I bought a cheap inflatable foot pillow and placed it in my carryon. It didn’t take much space and was easy to blow up. I rested my feet on it and it really did help. I actually slept during the 16-hour flight.
My #1 tip to avoid jet leg is to wear noise-cancelling headphones
We all know flying can be stressful, but we usually attribute that to the cramped quarters, crying babies or video-gamers who don’t turn down their sound. But airplanes are really noisy on their own and that noise contributes to our stress levels without our consciously being aware of it.
I carry noise-cancelling headphones with me to cut out all that sound even when I’m not watching a movie or TV show. I recently bought the Bose QuietComfort noise cancelling headphones and love them. I was able to watch my movie with incredible sound, and felt more rested when I arrived at my destination.
Never get on a plane hungry or without a snack
Flights get delayed, or in a worse-case scenario, get stuck on the tarmac for hours. Even if your flight includes dinner shortly after take-off, you could still be delayed or encounter turbulence that prevents the flight attendants from serving meals.
Make sure to always have some snacks with you in case of flight delay or when reaching your final destination. Traveling is tiring and stressful, and many things that happen are beyond your control. But you can control your hunger level. Granola bars, nuts and trail mix are good and easily packable snacks. I like the dark chocolate and sea salt Kind bars.
General Travel Tips
Don’t wait until the last minute to retrieve items from your hotel safe
Years ago, I stayed in a beautiful resort in the Dominican Republic. I even had a view of the beach and the ocean from the bathtub. I had put my passport in the safe, and as I was packing I went to get it out.
The safe didn’t work. I had to call the front desk and they sent someone to fix it shortly. But if you’re racing to catch a shuttle or a ride to the airport, you don’t want to have a delay if your safe doesn’t work.
Take a food tour that includes history
You can learn about the city while tasting some of its best food by taking a food tour. I especially love these tours when time in a destination is limited. You can also get some exercise in as well.
I am a native of Atlanta, but I learned a lot about my own city and visited restaurants I’d never been to during an Unexpected Atlanta food tour. I highly recommend this tour, particularly if you have an interest in civil rights history. Since I took the tour they have added a second tour in Grant Park that includes a visit to Oakland Cemetery.
When traveling in another country, learn a few key phrases
At least learn to say “Hello.” Other good phrases to learn include “Where is,” “Excuse me” and “Thank-you.’
When my husband and I were in Italy years ago, we often got lost finding our way around the hill towns of Umbria. We had learned the phrase “Dove so trova” which means “Where is.” Except we pronounced it “du-vet.” Like a bed cover.
When we told my fluent-in-Italian sister-in-law that, I thought she was going to snort Limoncello through her nose she was laughing to hard. And yeah, we felt a little embarrassed. But hey, it worked. Twice, nice Italian people motioned to us to get in our car and follow them while they led us to our destination.
When you have wifi you can use Google Translate to look up phrases or you can take an image of a sign and it will translate it. You can also download phrases to use offline when you don’t have a connection.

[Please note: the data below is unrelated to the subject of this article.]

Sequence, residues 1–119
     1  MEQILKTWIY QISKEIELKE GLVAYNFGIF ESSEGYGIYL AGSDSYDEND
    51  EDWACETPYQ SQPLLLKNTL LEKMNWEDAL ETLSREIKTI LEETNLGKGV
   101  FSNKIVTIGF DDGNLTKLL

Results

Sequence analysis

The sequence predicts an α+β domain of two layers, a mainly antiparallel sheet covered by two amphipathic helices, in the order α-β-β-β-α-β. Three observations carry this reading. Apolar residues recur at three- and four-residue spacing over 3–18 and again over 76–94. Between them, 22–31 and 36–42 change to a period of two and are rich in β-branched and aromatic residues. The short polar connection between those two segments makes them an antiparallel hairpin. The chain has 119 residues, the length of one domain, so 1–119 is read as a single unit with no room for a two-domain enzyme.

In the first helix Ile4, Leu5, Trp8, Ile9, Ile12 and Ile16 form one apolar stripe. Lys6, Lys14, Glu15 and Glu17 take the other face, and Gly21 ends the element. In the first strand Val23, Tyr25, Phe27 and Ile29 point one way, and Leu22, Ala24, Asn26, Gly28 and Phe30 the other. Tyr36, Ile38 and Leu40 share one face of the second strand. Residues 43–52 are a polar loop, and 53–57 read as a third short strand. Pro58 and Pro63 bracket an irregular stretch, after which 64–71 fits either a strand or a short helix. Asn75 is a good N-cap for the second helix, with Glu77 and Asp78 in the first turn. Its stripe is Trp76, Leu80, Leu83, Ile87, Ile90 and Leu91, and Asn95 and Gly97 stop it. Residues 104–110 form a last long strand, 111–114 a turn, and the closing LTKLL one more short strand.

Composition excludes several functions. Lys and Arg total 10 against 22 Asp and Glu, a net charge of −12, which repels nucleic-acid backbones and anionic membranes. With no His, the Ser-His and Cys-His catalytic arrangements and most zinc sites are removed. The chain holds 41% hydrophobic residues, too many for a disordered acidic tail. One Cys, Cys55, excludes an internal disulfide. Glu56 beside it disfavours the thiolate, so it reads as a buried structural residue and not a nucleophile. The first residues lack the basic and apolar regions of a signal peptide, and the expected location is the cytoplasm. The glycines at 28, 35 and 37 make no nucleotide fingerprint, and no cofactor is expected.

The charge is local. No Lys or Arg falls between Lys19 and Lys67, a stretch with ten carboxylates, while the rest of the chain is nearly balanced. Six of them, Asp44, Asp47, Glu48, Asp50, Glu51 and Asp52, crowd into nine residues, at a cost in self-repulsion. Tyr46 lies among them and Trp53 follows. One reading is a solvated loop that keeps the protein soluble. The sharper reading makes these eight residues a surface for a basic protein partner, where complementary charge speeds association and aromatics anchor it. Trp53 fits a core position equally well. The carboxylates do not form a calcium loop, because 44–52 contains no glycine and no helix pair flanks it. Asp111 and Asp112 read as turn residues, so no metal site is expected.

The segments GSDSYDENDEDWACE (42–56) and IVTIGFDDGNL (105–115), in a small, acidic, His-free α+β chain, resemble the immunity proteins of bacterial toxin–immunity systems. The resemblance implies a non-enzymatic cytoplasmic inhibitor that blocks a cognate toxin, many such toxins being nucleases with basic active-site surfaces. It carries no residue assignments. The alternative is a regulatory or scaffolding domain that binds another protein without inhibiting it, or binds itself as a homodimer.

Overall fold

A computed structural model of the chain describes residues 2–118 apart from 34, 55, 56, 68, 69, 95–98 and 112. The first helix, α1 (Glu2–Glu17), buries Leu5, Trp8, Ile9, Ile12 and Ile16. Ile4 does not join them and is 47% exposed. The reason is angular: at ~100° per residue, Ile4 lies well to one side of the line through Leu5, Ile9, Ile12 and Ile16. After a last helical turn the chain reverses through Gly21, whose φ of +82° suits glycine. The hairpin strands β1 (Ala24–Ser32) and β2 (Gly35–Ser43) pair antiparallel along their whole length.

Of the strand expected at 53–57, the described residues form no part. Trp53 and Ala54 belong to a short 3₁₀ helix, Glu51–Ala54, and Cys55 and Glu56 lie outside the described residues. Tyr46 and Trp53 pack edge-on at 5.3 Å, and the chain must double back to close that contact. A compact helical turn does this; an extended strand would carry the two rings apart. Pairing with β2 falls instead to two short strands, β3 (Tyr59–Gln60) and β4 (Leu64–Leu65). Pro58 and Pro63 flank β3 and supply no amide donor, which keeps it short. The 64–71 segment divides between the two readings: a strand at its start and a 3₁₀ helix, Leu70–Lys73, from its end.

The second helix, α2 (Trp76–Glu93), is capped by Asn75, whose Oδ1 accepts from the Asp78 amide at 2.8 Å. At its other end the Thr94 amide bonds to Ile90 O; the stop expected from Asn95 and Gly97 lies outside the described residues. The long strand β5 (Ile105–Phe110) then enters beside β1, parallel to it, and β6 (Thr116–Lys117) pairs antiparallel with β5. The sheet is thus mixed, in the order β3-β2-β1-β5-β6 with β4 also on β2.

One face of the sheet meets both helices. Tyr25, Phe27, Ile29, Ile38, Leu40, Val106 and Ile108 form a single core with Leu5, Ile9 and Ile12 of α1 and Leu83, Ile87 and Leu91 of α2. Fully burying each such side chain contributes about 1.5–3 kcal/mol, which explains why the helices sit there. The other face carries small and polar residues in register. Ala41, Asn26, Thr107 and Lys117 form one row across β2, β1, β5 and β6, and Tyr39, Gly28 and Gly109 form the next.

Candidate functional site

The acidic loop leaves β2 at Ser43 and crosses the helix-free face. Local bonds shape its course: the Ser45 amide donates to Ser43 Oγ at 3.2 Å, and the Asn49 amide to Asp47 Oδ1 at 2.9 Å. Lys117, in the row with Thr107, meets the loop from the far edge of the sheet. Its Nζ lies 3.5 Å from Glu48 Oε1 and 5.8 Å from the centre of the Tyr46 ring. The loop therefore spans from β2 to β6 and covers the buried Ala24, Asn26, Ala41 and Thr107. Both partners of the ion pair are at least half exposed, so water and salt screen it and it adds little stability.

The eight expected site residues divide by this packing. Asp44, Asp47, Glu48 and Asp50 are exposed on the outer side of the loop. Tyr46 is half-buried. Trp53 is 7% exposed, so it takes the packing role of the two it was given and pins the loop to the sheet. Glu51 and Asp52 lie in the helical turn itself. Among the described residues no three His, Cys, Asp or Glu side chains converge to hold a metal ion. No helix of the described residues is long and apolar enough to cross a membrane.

Review the website of attractions you are visiting
Many museum and attraction websites have a Your Visit tab or something similar on their website. It will tell you how much time you should plan for a visit there and may include other tips such as places to eat.
For example, the Georgia Aquarium has a section on Plan Your Visit with several helpful tips for what you need to know for your visit along with frequently asked questions.
Get city attraction cards
If you are visiting several of the attractions anyway, you can save money by finding a city attraction card. Many of them include public transportation. CityPASS is a great one for cities in the United States and Toronto.
If you travel internationally, get the Global Entry Card
Yeah, the paperwork was kind of a pain. But it’s the best $100 I’ve ever spent. Not only do I breeze past customs when I return to the US, but I always get TSA Precheck as well.
Ask your Uber driver or taxi driver for restaurant or sightseeing tips
They will usually know the city and can offer helpful tips about where locals do and don’t eat. We had an Uber driver in Great Falls, Montana, last year who advised us to go to The Sip ‘n Dip Lounge.
We later found out it was named the #1 bar on earth worth flying for. I don’t know if I’d go that far, but it was the best dive bar I’d ever been to, with an ancient bee-hived woman, Piano-Pat Spoonheim, playing keyboard and mermaids swimming in the pool behind the bar.
They can also be helpful in pointing out information about their city you won’t hear from a tour guide. My Uber driver in Portland, Oregon, was happy to share stories of passengers eager to find the first pot dispensary since marijuana sales became legal in Oregon.
It’s okay to be a tourist
The word tourist has gotten a bad connotation, especially for Americans. Our world economy relies on tourism. It’s big business, with more than 1.2 billion tourists crossing international borders every year. Tourism provides one out of every 11 jobs on the planet and generates 9% of our global GDP.
But yet you hear the quote, “Don’t be a tourist, be a traveler.” Like you haven’t really traveled unless you have done what the locals do or gone outside your comfort zone.
My feeling is travel should be like that old Burger King commercial – have it your way. If you want to go to exotic resort and never leave, then do it.
– Jan Schroder, Editor-in-chief